24 February 2011
The western conifer seed bug (Leptoglossus occidentalis), a native to the western United States, Canada and Mexico, has been added to RAMM’s collection. Two specimens were found locally, one by RAMM’s Assistant Curator of Natural History, Holly Morgenroth, another brought in by a member of the public. Although these two insects are not the first recorded sightings in Devon, this species was absent from RAMM’s reference collection and consequently both have been accessioned.
A pest of fir trees
The seed bug is particularly partial to pine trees and can greatly reduce their reproductive output. It is a serious pest in Douglas-fir nurseries where it uses it straw-like mouth parts to pierce tree bark and feed on the sap of developing conifer cones and seeds.
A long journey
In 1999 the bug was accidentally introduced to Italy and has now spread across Europe. It was first sighted in the UK in 2007 inside a Weymouth classroom and since then these bugs have migrated across the Channel from France in large numbers.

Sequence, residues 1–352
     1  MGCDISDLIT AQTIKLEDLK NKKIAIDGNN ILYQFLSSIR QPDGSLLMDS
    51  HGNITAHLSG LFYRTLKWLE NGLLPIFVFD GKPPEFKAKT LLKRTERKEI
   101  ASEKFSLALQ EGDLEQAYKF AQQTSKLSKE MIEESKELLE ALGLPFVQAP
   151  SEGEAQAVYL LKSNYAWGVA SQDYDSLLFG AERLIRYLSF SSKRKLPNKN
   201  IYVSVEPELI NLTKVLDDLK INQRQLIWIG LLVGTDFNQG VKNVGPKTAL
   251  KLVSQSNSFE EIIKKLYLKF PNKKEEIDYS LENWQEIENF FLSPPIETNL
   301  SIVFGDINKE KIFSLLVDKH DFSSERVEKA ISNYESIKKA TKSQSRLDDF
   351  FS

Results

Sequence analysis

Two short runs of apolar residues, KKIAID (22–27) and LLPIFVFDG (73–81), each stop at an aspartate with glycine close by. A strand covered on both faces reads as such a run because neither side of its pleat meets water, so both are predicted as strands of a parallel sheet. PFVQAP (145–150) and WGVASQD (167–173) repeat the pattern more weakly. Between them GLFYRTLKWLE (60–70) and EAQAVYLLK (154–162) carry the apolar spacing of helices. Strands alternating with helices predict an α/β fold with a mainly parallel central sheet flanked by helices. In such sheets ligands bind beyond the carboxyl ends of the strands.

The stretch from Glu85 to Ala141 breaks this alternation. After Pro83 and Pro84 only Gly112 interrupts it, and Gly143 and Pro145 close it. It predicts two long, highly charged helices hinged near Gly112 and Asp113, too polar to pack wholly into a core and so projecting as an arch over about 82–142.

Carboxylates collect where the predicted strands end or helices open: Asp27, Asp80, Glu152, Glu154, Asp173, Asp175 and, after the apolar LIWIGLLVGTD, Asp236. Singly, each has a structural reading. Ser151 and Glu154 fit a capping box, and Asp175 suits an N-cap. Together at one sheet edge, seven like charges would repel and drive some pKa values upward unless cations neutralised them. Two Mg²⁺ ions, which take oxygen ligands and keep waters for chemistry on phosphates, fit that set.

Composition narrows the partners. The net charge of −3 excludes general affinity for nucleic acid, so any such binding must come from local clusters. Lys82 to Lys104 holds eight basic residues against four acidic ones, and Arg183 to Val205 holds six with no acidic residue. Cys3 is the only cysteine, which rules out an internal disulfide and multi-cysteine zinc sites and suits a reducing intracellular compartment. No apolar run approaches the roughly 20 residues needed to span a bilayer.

Will it hurt?
It is likely that the western conifer seed bug will be a permanent addition to the UK’s fauna and it is already here in such numbers that sightings of this insect are no longer required to be reported. However, it has the potential to be a serious pest here also. Keep an eye out for it flying around parks and gardens in the summer and looking for suitable hibernating places in early autumn – homes and other buildings are particularly attractive options for this insect. Will it hurt you? No, but just like our native shield bugs it will emit an unpleasant odour if handled.
For more information the western conifer seed bug see www.britishbugs.org.uk .